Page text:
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Gossamer Bio CEO Faheem Hasnain at Endpoints' #BIO22 panel (J.T. MacMillan Photography for Endpoints News)

Gos­samer’s Fa­heem Has­nain de­fends a round of pos­i­tive PAH da­ta as a clear win. But can these PhII re­sults stand up to scruti­ny?

Gossamer Bio $GOSS posted a statistically significant improvement for its primary endpoint in the key Phase II TORREY trial for lead drug seralutinib on Tuesday morning. But CEO Faheem Hasnain has some explaining to do on the important secondary of the crucial six-minute walk distance test — which will be the primary endpoint in Phase III — as the data on both endpoints fell short of expectations, missing one analyst’s bar on even modest success.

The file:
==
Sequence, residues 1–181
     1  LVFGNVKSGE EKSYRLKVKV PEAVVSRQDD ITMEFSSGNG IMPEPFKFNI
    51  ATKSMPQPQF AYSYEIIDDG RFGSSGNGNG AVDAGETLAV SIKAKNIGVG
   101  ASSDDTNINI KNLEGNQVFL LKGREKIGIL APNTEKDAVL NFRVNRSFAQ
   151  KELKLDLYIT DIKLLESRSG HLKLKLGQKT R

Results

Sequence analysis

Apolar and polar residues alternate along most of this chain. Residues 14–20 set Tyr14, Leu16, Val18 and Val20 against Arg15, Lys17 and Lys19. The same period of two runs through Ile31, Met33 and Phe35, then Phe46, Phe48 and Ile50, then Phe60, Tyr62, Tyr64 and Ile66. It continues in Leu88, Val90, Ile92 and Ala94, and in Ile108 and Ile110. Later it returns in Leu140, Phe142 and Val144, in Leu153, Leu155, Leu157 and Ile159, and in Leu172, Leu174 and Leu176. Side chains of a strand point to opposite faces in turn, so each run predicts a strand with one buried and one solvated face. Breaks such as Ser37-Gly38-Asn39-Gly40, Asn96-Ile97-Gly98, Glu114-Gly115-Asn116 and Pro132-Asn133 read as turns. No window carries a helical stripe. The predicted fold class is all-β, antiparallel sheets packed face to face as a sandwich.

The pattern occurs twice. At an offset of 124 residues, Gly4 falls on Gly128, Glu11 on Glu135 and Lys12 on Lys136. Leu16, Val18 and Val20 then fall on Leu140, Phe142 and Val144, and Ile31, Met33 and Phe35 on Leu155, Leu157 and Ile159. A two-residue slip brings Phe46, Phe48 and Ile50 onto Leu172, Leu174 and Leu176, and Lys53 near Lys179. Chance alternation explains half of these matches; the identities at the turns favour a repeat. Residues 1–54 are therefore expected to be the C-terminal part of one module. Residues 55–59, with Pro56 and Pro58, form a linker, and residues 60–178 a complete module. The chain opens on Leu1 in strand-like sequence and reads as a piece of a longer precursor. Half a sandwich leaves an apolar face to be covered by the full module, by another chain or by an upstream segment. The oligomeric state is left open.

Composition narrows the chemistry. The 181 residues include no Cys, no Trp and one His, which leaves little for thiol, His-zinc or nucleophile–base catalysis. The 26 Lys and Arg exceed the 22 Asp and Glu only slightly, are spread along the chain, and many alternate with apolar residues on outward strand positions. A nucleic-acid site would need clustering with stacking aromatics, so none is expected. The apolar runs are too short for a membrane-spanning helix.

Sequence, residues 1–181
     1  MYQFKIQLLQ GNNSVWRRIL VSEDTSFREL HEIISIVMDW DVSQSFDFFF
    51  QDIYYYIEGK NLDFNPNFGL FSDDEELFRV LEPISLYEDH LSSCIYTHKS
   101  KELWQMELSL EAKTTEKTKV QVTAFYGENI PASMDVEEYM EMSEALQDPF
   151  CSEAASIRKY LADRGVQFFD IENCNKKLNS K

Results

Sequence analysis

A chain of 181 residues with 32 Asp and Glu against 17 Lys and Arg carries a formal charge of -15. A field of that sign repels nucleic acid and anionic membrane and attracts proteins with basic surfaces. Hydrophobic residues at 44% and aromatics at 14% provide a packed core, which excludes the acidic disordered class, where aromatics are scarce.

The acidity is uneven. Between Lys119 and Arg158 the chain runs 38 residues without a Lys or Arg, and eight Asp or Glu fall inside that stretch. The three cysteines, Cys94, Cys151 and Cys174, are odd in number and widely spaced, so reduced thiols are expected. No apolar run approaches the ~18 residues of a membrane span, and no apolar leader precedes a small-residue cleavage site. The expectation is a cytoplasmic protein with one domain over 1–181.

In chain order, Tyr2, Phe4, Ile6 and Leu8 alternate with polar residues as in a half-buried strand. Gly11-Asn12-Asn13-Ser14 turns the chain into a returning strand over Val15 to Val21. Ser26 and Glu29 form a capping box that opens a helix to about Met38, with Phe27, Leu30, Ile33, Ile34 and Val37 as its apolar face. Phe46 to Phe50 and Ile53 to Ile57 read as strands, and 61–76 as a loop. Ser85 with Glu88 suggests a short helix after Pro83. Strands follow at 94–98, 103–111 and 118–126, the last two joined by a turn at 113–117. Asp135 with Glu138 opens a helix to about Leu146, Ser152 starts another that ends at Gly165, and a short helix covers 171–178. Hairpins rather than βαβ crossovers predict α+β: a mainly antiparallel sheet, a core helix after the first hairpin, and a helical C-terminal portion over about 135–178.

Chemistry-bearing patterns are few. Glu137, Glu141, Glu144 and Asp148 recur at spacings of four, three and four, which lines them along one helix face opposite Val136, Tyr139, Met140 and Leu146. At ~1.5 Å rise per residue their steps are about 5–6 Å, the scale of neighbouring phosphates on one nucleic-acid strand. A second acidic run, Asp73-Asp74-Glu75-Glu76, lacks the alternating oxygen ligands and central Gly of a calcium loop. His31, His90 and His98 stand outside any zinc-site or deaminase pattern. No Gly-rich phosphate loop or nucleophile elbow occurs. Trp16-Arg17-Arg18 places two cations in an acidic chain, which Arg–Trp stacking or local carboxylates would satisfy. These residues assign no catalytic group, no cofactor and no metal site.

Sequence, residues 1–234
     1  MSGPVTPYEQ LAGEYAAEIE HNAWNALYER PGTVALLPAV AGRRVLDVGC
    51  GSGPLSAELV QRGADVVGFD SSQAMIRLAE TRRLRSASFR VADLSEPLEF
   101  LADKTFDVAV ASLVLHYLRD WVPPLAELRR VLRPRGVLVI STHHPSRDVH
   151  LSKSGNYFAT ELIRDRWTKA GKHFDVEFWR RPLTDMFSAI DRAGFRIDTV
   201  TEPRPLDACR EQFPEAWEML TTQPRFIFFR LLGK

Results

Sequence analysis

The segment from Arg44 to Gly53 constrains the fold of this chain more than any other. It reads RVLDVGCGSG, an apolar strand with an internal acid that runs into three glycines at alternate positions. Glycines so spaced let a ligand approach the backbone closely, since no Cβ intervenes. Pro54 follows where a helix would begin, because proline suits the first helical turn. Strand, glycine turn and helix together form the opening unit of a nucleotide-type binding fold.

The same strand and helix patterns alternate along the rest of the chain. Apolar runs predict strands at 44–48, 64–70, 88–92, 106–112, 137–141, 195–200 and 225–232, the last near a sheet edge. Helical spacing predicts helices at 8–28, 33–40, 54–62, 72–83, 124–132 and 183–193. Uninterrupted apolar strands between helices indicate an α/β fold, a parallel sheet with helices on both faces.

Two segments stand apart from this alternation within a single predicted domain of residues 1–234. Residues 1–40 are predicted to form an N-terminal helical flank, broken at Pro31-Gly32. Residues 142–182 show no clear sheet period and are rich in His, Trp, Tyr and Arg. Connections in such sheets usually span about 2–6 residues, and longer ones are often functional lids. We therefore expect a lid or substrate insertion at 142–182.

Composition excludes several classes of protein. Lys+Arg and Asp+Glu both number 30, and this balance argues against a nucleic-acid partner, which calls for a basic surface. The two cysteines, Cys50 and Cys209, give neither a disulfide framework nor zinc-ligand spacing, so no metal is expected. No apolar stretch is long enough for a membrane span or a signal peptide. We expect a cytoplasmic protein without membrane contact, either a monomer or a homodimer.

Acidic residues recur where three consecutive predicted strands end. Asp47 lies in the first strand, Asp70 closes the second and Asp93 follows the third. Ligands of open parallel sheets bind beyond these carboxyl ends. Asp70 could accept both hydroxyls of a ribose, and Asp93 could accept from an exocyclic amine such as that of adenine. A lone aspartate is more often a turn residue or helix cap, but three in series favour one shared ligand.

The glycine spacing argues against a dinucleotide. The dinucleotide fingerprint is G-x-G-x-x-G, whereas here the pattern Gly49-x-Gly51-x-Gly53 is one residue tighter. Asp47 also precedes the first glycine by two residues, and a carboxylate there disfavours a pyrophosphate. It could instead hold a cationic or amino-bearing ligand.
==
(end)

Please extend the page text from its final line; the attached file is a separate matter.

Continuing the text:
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Prometheus moves to raise cash hours af­ter PhII da­ta leads to stock surge

After releasing better-than-anticipated data on two mid-stage studies Wednesday morning, Prometheus Biosciences’ CEO said the company would “take some time to assess” its next financing options.

It only needed about seven hours. Wednesday afternoon after the market closed, the biotech announced it would seek $250 million through an equity offering as the company looks to edge out anti-TL1A competitor Pfizer and its new partner Roivant.

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Enhertu researcher Ian Krop speaks during Wednesday's SABCS press conference (MedMeetingImages/Todd Buchanan via SABCS)

SABCS roundup: No­var­tis shows two-year PFS in breast can­cer sub­groups; As­traZeneca re­veals more En­her­tu da­ta